• John and Susan Pazera Reply

      We LOVED your visit! It was the highlight of our year (really). Can’t wait to get you back down here one of these days! Hugs 🙂

  6. Excellent writing Susan, as usual, and we wish you happiness in your new Retiro duplex!🌹

  7. Despite all the turmoil, you managed to have a pretty busy year and got to see some lovely sights. Small mercies, I guess. And a new home! Now that is the definition of turmoil!! Enjoy it all, Mel

    • John and Susan Pazera Reply

      Thanks, Mel! And you’re absolutely right. We have a lot to be grateful for; in fact, I should have worked that into the post somehow. Hope all is well with you and yours, and Happy New Year!

  8. I can relate to “where to start”. Good for you—excellent retrospective. So nice that your mom snuck in a visit before all hell broke loose. I share your cautious optimism about possible international travel in the second half of the year. Until then, I look forward to reading more about your life/travels in Columbia.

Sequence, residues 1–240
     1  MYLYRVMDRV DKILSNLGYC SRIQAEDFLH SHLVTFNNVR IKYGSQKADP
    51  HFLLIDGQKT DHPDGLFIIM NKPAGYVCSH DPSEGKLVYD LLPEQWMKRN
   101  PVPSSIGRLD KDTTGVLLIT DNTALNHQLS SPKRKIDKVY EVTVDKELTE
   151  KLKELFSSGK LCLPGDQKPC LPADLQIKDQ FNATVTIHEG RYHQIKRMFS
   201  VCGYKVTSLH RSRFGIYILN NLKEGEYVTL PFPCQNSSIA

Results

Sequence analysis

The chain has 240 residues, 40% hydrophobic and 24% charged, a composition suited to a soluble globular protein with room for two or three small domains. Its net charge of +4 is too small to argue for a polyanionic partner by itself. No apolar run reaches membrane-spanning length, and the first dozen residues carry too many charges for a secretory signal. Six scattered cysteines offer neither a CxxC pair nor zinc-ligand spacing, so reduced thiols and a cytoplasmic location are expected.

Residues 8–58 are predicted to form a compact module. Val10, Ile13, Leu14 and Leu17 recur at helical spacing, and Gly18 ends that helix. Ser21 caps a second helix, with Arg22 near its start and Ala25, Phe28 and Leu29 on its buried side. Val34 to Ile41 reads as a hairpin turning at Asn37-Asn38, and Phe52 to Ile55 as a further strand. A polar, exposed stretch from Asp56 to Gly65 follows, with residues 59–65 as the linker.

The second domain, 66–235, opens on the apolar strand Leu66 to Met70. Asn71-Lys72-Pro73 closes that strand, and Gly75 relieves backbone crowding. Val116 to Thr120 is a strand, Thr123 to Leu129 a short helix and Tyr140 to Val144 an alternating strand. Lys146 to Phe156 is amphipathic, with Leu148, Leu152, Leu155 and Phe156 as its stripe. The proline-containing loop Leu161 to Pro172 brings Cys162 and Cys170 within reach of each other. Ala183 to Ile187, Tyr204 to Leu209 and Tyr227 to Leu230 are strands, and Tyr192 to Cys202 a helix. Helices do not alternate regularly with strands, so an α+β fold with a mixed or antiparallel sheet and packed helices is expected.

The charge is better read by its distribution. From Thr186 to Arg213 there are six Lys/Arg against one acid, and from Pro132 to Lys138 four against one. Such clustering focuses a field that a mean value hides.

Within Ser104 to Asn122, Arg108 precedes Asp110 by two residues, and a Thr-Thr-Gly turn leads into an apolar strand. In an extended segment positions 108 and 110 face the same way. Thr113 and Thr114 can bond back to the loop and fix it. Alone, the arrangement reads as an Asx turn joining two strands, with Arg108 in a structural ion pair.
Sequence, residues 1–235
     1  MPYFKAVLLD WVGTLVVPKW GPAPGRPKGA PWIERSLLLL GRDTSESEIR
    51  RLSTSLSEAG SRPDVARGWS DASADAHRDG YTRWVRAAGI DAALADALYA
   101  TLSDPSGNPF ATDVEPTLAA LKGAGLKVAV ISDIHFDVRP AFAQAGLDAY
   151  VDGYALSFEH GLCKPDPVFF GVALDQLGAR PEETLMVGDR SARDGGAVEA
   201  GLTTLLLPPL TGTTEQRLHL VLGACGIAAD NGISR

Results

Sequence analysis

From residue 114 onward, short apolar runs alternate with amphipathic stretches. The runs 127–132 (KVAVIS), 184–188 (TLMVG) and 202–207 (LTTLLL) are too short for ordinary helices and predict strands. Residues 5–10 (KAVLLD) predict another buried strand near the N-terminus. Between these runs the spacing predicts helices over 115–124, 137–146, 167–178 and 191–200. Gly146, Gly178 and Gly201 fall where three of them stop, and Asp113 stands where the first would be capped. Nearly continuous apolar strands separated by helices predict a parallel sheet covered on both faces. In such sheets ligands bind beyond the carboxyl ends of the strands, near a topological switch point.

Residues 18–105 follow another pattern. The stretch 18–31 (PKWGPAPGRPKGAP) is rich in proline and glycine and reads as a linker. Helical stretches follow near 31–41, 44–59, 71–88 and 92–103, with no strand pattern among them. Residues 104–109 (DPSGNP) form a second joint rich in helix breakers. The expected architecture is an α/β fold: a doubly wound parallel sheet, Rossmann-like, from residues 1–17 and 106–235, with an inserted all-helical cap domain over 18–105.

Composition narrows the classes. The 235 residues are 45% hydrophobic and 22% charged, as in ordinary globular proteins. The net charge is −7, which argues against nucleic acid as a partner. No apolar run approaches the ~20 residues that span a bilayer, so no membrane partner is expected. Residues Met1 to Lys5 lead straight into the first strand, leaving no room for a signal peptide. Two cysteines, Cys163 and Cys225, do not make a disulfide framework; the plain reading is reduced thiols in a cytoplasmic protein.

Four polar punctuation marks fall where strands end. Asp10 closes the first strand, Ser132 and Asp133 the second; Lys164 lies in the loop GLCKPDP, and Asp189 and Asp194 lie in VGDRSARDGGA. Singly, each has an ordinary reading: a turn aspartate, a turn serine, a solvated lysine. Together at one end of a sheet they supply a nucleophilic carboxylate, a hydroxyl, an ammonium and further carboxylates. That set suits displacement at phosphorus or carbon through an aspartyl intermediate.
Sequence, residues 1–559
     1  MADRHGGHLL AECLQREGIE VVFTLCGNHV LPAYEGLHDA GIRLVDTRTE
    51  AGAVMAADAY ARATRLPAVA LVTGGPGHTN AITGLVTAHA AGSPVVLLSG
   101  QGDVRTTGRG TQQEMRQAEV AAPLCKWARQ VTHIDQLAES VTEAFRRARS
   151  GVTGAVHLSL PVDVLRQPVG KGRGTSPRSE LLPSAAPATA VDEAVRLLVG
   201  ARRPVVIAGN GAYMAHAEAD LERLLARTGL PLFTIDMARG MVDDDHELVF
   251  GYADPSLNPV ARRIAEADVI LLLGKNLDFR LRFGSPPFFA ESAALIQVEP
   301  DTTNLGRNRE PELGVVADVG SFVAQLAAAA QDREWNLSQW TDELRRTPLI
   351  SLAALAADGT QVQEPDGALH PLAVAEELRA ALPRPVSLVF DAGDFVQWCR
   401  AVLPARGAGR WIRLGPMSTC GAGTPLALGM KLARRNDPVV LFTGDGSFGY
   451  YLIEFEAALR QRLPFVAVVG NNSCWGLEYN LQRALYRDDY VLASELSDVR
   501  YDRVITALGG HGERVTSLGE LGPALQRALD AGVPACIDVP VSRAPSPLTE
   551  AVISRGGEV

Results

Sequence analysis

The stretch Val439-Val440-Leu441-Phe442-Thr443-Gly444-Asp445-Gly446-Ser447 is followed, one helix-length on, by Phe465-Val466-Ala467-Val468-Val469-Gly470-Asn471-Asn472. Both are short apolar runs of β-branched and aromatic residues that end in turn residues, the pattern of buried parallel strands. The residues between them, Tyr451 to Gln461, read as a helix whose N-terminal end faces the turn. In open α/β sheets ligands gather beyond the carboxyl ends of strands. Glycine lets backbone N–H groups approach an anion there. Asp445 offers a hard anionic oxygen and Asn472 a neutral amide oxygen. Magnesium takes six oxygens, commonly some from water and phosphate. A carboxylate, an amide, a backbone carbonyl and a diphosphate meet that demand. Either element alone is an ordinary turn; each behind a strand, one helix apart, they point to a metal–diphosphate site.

• John and Susan Pazera Reply

      Thanks, Caroline! So much to see and do right in our own backyard. Hope you had a lovely holiday and Happy New Year!

  9. Great photos! Glad to make your acquaintance this weekend online. Once we’re all vaccinated, would you like to go to Chile? My husband and I lived there a year and its a wonderful country.

    • John and Susan Pazera Reply

      Thanks so much, Rebecca! We’re really glad we’re connected 🙂 Absolutely, Chile is high on our list. In fact, we had big plans to make a car camper trip down through Patagonian Chile and Argentine, before the COVID sky fell. Someday . . .

      I’ll check out your blog to find out more about your Chilean expat experience.